Africa’s Physical Geography
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Published: Thu, 04 May 2017
Africa’s Physical Geography
Africa is a continent rich in beauty, culture, and wealth. It has several diverse and singularly captivating landscapes including vast savannah and desert, lush rainforest, and sun-kissed beaches. There is potential for great wealth and prosperity, due to the resources in this luminous continent.
North and South Africa are split into almost two equal parts by the equator, and the climate and physical features in both the north and the south repeat themselves. For example, the Sahara and Kalahari deserts, the Cape region and the Mediterranean, and the Karoo and the Maghreb. It is incredibly hot in most places, and insanely bright.
Although it is so diverse, Africa is mainly made up of rolling flat plateaus. There is not a great variety of physical features, though those that are there can be quite remarkable. Compared to other continents, there are few broad coastal plains. It is an enormous mass of land, connecting at the Isthmus of Suez to Asia and almost to Europe at Gibraltar. Africa is the only continent which lies in all four hemispheres, lying on the equator at zero degrees latitude and Prime Meridian at zero degrees longitude. It has no deep indentations and very few well defined peninsulas.
Africa is surrounded by major bodies of water such as the Mediterranean Sea in the north, the Red Sea in the northeast, the Atlantic Ocean in the west, and the Indian Ocean in the southeast. The coast, stretching 18,900 miles is largely level. There are few islands, Madagascar being the largest and the thirteen Canary islands being the largest group.
The major landforms of Africa include the Nile River System, Atlas Mountains, Great Rift Valley, Sahel, Congo River Basin, Kalahari Desert, and the Sahara Desert.
The Nile River is the longest river in the world with a length of 4,160 miles. It runs north, rising from the highlands of the southeast, and then draining into the Mediterranean Sea. It is made up of multifarious dams, rapids, streams, swamps, rivers, rapids, and tributaries. The major rivers making up the Nile are the Albert Nile, Blue Nile, White Nile, and the Victoria Nile. The great Nile River is a lifeline for the inhabitants on its banks. It provides nourishment for crops which are both food and a means of business.
The Atlas Mountains are located in Northern Africa and stretch from southwestern Morocco across the coast of the Mediterranean, to the extreme east of Tunisia. These mountains are made up of several smaller mountain ranges namely, the High Atlas, Middle Atlas, and Maritime Atlas. The highest in the entire range is Mt. Toubkal located in western Morocco at a height of 13,671 feet.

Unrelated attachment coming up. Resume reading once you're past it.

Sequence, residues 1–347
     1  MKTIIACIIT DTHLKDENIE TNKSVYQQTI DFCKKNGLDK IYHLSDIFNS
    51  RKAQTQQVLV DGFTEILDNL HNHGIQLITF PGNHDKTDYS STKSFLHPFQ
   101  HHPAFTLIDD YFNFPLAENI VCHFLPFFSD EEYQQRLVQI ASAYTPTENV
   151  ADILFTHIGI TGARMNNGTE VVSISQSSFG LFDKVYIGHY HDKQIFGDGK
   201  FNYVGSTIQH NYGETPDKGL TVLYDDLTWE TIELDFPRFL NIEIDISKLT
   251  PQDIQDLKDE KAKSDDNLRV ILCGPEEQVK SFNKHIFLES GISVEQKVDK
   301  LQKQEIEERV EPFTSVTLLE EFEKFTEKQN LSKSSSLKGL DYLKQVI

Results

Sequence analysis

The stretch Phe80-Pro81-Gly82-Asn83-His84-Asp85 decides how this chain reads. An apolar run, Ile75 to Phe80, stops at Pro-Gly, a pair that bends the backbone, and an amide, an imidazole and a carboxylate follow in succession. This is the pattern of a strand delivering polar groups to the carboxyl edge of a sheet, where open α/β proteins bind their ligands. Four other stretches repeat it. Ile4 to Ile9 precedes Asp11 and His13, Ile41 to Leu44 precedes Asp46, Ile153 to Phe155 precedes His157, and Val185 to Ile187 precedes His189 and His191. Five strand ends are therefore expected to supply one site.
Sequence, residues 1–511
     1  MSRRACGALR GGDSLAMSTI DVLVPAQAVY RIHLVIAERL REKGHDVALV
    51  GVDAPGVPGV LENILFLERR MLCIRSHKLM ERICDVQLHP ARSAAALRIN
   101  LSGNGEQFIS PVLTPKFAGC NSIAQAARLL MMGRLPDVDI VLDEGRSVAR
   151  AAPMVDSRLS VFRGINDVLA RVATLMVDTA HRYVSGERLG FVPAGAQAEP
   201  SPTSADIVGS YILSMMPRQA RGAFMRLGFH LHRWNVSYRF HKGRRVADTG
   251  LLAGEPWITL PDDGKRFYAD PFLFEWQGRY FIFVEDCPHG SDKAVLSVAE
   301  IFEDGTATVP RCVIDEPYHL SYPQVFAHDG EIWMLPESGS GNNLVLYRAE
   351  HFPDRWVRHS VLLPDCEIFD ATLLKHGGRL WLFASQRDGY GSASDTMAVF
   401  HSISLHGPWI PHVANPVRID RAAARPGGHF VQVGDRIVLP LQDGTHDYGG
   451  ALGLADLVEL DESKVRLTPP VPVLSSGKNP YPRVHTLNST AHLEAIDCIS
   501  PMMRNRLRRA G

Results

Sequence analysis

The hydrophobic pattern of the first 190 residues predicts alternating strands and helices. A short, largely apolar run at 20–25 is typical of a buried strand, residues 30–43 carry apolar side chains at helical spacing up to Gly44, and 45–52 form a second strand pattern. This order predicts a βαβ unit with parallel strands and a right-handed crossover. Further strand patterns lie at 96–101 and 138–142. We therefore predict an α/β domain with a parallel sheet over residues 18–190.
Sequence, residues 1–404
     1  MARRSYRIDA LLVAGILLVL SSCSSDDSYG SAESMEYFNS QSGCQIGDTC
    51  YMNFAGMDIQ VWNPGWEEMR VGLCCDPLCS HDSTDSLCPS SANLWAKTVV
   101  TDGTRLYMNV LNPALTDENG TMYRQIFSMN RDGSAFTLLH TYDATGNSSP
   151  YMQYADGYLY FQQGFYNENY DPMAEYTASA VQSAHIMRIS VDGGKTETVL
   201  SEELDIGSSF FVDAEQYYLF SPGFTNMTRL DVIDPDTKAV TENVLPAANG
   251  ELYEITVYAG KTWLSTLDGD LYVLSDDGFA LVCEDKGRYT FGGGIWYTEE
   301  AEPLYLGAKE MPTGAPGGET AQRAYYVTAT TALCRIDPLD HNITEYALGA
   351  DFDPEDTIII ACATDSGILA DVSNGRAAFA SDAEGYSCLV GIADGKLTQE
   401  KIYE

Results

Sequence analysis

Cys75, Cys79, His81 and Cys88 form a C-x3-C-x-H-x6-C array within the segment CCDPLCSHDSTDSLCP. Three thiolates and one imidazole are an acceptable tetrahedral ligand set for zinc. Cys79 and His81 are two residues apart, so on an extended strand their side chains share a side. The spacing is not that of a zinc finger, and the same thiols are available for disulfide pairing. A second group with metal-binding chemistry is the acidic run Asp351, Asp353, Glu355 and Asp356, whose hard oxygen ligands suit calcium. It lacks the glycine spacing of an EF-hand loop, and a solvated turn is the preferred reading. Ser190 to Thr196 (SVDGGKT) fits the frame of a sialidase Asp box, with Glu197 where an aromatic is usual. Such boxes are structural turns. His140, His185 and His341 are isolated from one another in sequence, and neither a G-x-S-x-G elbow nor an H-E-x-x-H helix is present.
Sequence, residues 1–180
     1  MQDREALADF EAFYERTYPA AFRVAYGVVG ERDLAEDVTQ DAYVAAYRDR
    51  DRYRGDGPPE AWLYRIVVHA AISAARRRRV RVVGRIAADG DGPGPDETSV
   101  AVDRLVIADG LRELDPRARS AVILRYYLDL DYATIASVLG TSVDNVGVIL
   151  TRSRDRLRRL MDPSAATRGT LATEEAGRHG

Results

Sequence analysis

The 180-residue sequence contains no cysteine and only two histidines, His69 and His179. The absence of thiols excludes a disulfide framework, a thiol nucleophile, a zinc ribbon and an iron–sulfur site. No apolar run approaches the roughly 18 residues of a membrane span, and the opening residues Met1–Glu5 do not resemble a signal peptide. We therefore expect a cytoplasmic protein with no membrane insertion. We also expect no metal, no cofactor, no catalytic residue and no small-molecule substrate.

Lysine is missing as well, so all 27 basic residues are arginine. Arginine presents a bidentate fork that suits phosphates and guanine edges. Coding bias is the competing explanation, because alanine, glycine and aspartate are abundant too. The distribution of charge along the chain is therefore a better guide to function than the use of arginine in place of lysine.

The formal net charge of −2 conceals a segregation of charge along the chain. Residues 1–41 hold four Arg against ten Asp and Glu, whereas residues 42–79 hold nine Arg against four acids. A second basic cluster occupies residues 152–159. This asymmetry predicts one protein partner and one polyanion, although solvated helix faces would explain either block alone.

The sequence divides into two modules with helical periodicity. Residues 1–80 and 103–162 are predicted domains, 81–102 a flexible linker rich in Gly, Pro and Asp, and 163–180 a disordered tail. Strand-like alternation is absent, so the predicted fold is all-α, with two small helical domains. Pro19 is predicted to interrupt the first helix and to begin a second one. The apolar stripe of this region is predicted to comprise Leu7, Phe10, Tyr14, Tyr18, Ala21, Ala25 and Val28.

The Great Rift Valley is a dramatic depression in the surface of the earth which extends from an area near the Red Sea in Jordan in the Middle East, to the country of Mozambique in Africa, which is a length of about approximately 4,000 miles. The Great Rift Valley is essentially a series of depressions caused by volcanic activity thousands of years ago, which also created what is now called the Ethiopian Highlands. Some of the highest peaks in the continent are found in the Great Rift Valley including Mount Kilimanjaro, Mount Kenya, and Mount Margherita.
The Sahel is a great expanse of land running across north and central Africa, across the extreme southern Sahara. The Sahel is the transition between the desert conditions of the north and the tropical conditions of the south. The region receives very little rainfall, about six to eight inches annually, and vegetation is relatively sparse.
The Congo River Basin dominates the landscape of the Democratic Republic of Congo and a large portion of neighboring Congo. It also stretches into Angola, the Central Republic of Africa, Cameroon, and Zambia. This fertile basin contains about twenty percent of the world’s rainforest. The Congo River Basin is about 1,400,000 square miles in size. The Congo River is the second longest river in Africa and is made up of multiple tributaries, streams, and rivers that help intertwine the people in the cities along the banks of these waterways.
The Kalahari is the major desert of southern Africa. It extends about 100,000 square miles and covers much of Botswana, the southwestern region of South Africa, and all of western Namibia. Dry river beds and shrubs crisscross along the desert plateau. A few small mountain ranges are located in the Kalahari Desert: the Karas and the Huns. The Kalahari Gemsbok Wildlife National Park in southern Africa near the border of Namibia hosts large herds of animals.
The Sahara Desert covers about one-third of Africa, making it the largest desert in Africa and is around 3,500,000 square miles in total size. Elevations range from one hundred feet below sea level to mountains which exceed 11,000 feet (the Ahaggar and Tibetsi mountains). The Libyan, Western desert of Egypt, and Nubian deserts are regional deserts located just west of the Nile. The area receives almost absolutely no rainfall, although a few rivers flow from the Atlas Mountains underground which assist in irrigating alienated oases. The water of the Nile helps fertilize the eastern parts of the landscape.
These landforms occupy a large section of the land, and the climate, resources, and vegetation of these are similar to those of the countries they stretch through. The people are largely reliant on the natural resources the earth yields in their country. Agriculture makes up a huge part of the economies of several countries. Each country has its own unique characteristics and although each separate one cannot be listed here, it is accurate to say that Africa is a diverse country which could be rich due to the resources the breathtaking country yields, and which the inhabitants can manipulate to their profit.
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